15 Prentice-Hall © 2007 General Chemistry: Chapter 20 Slide 15 of 54 Standard Reduction Potentials

16 Prentice-Hall © 2007 General Chemistry: Chapter 20 Slide 16 of 54

17 Prentice-Hall © 2007 General Chemistry: Chapter 20 Slide 17 of 54

18 Prentice-Hall © 2007 General Chemistry: Chapter 20 Slide 18 of E cell, ΔG, and K eq  Cells do electrical work.  Moving electric charge.  Faraday constant, F = 96,485 C mol -1  elec = -nFE ΔG = -nFE ΔG° = -nFE° Michael Faraday

19 Prentice-Hall © 2007 General Chemistry: Chapter 20 Slide 19 of 54 Combining Half Reactions Fe 3+ (aq) + 3e - → Fe(s) E° Fe 3+ /Fe = ? Fe 2+ (aq) + 2e - → Fe(s) E° Fe 2+ /Fe = V Fe 3+ (aq) + 3e - → Fe 2+ (aq) E° Fe 3+ /Fe 2+ = V Fe 3+ (aq) + 3e - → Fe(s) ΔG° = J ΔG° = J ΔG° = VE° Fe 3+ /Fe = V ΔG° = V = -nFE° E° Fe 3+ /Fe = V /(-3F) = V

20 Prentice-Hall © 2007 General Chemistry: Chapter 20 Slide 20 of 54 Spontaneous Change  ΔG < 0 for spontaneous change.  Therefore E° cell > 0 because ΔG cell = -nFE° cell  E° cell > 0  Reaction proceeds spontaneously as written.  E° cell = 0  Reaction is at equilibrium.  E° cell < 0  Reaction proceeds in the reverse direction spontaneously.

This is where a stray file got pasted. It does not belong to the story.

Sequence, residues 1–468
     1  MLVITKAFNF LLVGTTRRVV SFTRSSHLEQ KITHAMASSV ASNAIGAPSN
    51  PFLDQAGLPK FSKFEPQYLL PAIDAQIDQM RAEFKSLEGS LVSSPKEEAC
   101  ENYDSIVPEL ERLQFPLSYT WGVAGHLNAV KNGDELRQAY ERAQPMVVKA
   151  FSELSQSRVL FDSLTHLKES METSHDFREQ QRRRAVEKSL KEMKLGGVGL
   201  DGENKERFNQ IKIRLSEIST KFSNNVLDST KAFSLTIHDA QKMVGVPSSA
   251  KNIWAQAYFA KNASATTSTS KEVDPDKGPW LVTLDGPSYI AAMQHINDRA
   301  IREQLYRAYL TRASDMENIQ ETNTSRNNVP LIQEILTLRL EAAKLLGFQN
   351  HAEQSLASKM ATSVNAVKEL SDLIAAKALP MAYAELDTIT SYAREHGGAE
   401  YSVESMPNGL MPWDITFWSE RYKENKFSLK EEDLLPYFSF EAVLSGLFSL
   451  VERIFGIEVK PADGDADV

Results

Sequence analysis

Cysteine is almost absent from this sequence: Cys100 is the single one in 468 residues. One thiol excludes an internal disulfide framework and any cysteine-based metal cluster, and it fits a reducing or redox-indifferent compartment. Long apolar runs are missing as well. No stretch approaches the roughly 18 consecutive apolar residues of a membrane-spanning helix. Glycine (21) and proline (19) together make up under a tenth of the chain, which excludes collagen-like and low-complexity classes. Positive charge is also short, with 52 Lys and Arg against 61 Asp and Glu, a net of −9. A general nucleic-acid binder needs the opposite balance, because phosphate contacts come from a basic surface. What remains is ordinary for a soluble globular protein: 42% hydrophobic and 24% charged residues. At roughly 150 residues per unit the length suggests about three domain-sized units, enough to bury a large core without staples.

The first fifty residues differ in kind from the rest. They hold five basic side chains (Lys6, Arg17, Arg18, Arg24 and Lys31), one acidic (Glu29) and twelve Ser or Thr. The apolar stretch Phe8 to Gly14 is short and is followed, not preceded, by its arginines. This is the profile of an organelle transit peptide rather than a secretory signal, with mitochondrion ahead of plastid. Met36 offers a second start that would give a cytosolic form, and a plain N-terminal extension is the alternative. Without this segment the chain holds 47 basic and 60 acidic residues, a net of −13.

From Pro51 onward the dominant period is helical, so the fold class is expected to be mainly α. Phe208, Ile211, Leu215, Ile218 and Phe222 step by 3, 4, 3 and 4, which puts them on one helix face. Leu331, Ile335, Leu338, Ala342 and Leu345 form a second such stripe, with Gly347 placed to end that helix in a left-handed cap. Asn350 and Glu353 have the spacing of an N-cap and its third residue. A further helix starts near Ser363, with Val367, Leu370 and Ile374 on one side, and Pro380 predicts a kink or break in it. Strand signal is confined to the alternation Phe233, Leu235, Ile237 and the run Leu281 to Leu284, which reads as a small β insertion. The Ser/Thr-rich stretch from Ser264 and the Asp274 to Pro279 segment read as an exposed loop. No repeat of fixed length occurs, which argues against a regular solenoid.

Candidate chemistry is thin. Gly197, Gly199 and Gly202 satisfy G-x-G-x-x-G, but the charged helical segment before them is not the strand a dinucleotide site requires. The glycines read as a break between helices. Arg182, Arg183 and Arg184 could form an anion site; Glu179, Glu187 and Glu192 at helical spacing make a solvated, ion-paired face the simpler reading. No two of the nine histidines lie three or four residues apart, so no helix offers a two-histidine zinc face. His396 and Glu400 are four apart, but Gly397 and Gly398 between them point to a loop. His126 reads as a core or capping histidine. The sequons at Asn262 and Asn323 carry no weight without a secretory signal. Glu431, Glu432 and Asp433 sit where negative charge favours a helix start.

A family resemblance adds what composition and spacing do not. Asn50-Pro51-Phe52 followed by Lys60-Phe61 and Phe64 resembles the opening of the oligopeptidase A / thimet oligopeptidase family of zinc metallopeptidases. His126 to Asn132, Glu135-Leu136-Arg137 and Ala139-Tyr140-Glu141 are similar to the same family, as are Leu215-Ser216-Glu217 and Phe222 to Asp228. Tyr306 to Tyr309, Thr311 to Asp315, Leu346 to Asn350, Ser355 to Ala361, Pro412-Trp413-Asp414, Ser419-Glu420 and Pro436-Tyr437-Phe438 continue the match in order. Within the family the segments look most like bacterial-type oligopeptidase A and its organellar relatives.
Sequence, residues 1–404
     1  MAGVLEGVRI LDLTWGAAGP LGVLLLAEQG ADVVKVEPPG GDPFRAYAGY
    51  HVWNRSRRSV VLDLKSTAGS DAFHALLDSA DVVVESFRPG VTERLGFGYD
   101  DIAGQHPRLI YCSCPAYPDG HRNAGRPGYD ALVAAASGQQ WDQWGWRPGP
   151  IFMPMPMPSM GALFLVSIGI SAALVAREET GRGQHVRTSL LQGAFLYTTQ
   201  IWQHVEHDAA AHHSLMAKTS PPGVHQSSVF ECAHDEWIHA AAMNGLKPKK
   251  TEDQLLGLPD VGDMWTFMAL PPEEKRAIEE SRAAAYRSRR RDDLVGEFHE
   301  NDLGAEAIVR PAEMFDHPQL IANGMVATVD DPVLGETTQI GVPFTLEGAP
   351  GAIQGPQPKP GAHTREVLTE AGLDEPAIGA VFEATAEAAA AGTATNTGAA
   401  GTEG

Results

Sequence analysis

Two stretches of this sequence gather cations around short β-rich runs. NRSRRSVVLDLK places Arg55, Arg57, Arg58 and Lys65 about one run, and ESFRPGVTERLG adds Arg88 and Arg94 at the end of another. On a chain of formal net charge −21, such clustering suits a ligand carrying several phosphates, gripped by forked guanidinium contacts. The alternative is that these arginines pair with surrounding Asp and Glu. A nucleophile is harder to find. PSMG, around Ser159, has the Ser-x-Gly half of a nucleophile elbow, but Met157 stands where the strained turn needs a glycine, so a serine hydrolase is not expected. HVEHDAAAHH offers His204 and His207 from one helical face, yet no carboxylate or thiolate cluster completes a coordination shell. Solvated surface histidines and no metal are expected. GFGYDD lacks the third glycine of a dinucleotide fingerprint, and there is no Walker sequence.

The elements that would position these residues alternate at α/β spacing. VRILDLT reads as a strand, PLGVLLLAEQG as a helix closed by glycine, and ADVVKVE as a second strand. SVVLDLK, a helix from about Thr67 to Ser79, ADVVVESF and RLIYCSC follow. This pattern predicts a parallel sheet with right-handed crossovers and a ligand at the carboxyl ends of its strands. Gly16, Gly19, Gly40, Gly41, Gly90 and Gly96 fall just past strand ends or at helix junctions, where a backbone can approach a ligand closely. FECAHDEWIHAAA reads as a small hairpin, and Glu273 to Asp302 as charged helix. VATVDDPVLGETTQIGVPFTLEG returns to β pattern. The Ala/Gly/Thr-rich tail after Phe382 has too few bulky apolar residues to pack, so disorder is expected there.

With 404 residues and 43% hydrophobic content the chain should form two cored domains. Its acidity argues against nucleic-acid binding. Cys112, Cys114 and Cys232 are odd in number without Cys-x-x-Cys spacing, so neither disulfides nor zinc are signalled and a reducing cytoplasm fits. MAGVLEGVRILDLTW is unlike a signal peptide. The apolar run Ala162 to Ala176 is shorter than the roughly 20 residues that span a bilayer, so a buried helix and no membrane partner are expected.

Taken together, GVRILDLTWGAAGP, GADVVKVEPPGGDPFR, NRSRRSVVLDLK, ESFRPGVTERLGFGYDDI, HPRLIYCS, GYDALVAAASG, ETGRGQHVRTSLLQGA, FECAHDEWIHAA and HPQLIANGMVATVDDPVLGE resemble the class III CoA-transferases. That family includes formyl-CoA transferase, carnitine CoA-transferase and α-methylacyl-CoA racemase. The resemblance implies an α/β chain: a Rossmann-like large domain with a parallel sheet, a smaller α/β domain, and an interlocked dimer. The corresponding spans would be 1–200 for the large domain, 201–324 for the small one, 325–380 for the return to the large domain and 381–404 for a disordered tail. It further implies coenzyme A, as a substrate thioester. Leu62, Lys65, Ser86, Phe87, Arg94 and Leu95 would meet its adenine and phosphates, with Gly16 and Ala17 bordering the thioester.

21 Prentice-Hall © 2007 General Chemistry: Chapter 20 Slide 21 of 54 The Behavior or Metals Toward Acids M(s) → M 2+ (aq) + 2 e - E° = -E° M 2+ /M 2 H + (aq) + 2 e - → H 2 (g) E° H + /H 2 = 0 V 2 H + (aq) + M(s) → H 2 (g) + M 2+ (aq) E° cell = E° H + /H 2 - E° M 2+ /M = -E° M 2+ /M When E° M 2+ /M 0. Therefore ΔG° < 0. Metals with negative reduction potentials react with acids.

22 Prentice-Hall © 2007 General Chemistry: Chapter 20 Slide 22 of 54 Relationship Between E° cell and K eq ΔG° = -RT ln K eq = -nFE° cell E° cell = nF RT ln K eq

23 Prentice-Hall © 2007 General Chemistry: Chapter 20 Slide 23 of 54 Summary of Thermodynamic, Equilibrium and Electrochemical Relationships.

24 Prentice-Hall © 2007 General Chemistry: Chapter 20 Slide 24 of E cell as a Function of Concentration ΔG = ΔG° -RT ln Q -nFE cell = -nFE cell ° -RT ln Q E cell = E cell ° - ln Q nF RT Convert to log 10 and calculate constants. E cell = E cell ° - log Q n V The Nernst Equation: